Pubdate: Mon, 22 Sep 2003
Source: Massachusetts Daily Collegian (MA Edu)
Copyright: 2003 Daily Collegian
Contact: 413-545-1592
Author: Dan O'Brien
Bookmark: (Decrim/Legalization)
Note: Publication of University of Massachusetts


BOSTON - Thousands of pot smokers and marijuana supporters rallied for support
of marijuana legalization on Boston Common Saturday at the 14th annual Freedom

Forty-five people were arrested according to published reports, all for
marijuana possession and distribution. A fair number of people did not seem to
mind the presence of law enforcement, as droves of men, women, and some
children found seats on the lawn to enjoy the sights, music, beautiful weather,
and in some cases a hit of pot smoke from a tobacco pipe.

The event featured many speakers, musicians, and vendors with gifts and clothes
- - many of which were created from hemp, a legal derivative from the marijuana
plant - for sale. At one point the activists and musicians stepped aside to
allow for a hemp fashion show, in which many lucky models got to show off an
array of clothes made entirely out of hemp. The clothes ranged from pink skirts
to green sundresses and had just about everything in between.

Speakers of the rally called for an end to marijuana laws, saying that
government resources could be better spent elsewhere. Countless speakers
pleaded that the money spent on enforcement of marijuana laws could be better
spent on improving the state's education system.

"We need to take the money we spend on the war on drugs and put it into drug
education programs so we can educate people [on the effects of drugs,"] said
Boston City Councilor Chuck Turner as he publicly addressed the crowd.

Nationally, the government spends billions of dollars each year on the "War on

Turner said that people should support the legalization of marijuana for
medical purposes and said that by doing so would be a first step in complete
legalization of pot.

"We need to take the first step in the war on the War on Drugs," Turner said.

The councilman went on to say that prescription pot would be a much better
alternative to most of the medicine that is already on the market.

"You see these ads on TV for all these drugs that are out there. Then during
the ad they tell you about four or five other side effects that you can get
from taking them. With marijuana, you don't get any of that."

Artists performing on stage echoed Turner's views on illegal drugs. Some of
these performers included the band Scissorfight, who exclaimed to the crowd at
one point, "This song's about growing your own!"

The crowd had fewer people than the number expected by National Organizations
for the Reform of Marijuana Laws. The group anticipated between 50,000 and
75,000, but the number of attendees was somewhere just below 50,000.

While the number of people may have been slightly lower than expected, there
was still a large enough target audience for marketing ideas, products, and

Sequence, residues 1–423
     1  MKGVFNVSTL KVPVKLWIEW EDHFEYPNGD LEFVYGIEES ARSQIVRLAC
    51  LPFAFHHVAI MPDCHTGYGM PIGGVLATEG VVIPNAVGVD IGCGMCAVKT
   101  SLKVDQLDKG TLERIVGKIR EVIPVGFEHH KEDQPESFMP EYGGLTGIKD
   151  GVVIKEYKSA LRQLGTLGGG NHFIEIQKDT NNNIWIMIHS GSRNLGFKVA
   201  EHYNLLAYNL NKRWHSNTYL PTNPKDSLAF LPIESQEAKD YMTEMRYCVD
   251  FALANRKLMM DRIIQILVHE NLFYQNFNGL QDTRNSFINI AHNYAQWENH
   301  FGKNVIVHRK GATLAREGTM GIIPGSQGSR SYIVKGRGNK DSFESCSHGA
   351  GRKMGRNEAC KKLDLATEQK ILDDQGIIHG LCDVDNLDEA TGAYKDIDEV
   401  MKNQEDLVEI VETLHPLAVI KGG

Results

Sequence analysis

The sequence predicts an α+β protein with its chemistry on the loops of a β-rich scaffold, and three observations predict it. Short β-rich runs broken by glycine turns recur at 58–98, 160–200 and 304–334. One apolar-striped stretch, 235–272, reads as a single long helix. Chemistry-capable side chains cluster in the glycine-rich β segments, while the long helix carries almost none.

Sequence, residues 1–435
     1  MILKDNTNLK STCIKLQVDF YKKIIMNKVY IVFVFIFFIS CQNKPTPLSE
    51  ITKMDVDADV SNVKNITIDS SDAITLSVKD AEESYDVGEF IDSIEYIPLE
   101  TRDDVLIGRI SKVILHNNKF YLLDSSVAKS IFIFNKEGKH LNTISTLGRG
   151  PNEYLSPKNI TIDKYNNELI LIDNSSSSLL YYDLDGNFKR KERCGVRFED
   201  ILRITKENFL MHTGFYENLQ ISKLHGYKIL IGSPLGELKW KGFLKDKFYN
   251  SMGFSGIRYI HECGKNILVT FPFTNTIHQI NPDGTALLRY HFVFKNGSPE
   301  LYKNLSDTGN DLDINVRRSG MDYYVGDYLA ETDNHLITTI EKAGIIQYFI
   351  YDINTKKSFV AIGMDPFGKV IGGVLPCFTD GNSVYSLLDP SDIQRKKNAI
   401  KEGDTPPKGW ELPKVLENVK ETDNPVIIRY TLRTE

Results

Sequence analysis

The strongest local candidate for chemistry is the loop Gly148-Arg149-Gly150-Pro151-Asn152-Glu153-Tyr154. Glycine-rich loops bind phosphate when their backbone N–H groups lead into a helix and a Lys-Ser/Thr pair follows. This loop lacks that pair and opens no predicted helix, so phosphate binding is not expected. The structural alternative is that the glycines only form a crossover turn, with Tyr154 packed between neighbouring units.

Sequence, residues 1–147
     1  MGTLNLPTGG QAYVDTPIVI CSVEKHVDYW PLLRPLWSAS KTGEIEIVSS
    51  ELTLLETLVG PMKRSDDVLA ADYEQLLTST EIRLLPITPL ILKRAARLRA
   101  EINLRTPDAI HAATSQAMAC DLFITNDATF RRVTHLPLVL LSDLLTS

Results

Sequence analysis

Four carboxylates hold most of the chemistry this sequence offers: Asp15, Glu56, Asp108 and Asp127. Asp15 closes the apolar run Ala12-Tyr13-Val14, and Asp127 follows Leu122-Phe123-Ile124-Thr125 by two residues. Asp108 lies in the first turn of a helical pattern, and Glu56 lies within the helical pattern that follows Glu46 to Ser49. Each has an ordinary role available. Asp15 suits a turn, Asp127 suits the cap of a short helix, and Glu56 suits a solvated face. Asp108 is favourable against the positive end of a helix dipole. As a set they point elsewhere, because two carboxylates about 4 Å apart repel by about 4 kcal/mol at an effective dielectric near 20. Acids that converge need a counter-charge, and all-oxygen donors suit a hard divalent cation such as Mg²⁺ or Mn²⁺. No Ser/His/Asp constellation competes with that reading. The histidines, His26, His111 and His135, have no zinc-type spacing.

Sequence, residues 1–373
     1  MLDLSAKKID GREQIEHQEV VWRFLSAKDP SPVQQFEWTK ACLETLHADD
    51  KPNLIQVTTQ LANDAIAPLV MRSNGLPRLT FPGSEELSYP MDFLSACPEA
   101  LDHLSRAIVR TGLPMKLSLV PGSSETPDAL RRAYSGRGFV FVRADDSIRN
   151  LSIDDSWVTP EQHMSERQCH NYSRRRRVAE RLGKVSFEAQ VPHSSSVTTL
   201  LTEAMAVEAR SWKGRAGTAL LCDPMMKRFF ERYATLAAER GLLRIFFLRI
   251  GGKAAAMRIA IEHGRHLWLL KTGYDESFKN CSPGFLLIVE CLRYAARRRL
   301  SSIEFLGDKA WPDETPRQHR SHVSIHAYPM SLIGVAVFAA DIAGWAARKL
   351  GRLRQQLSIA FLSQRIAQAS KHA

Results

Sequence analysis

political campaigns.

There was a large amount of campaigners for Congressman Dennis Kucinich
(D-Ohio), a candidate for President in 2004. The congressman does not support
the prohibition of marijuana.

In his literature that was handed out at the rally, he pointed out that
countries in Europe are turning away from "failed drug policies." He claims
that the rate of violent crime has been reduced throughout countries viewing
drug addiction as a medical problem. Kucinich does not provide actual numbers
to support his claims, however he does point out that in the United States
there is only one bed for every 10 drug addicts who apply for treatment.

Congressman Kucinich also points out the problem of racial bias by the criminal
justice system when arresting and prosecuting drug offenders.

"According to a Human Rights Watch report based on FBI statistics, blacks were
arrested on drug charges at nearly five times the rate of whites. Drug use is
consistent across racial and socioeconomic lines - yet in the state of New
York, for example, 94 percent of incarcerated drug offenders are Latino or
African-American, mostly from poor communities," said Kucinich, whose message
was already being felt among the thousands of marijuana supporters.

Also marketing to people of college age were the creators of Seat of Our Pants
productions, the group that produced a DVD movie of people doing funny and odd
things. The DVD is based on the book "Get Stoned and Read This Book:" by Gordon
G. Gourd.

The book, which is primarily photos, poems, and other works of art, has been in
print for five years, according to Rudy Seigel of Seat of Our Pants.

"This is a great venue for us," Seigel said. "Our target is the 18-30 age
bracket, and in a college town like Boston, there are around 350,000 [people of
that age.]"

The book's primary distributor is the store Urban Outfitters, which has a large
consumer base of 18-30-year-old people. The book has sold over 50,000 copies
since it was released at Urban Outfitters 3 years ago.
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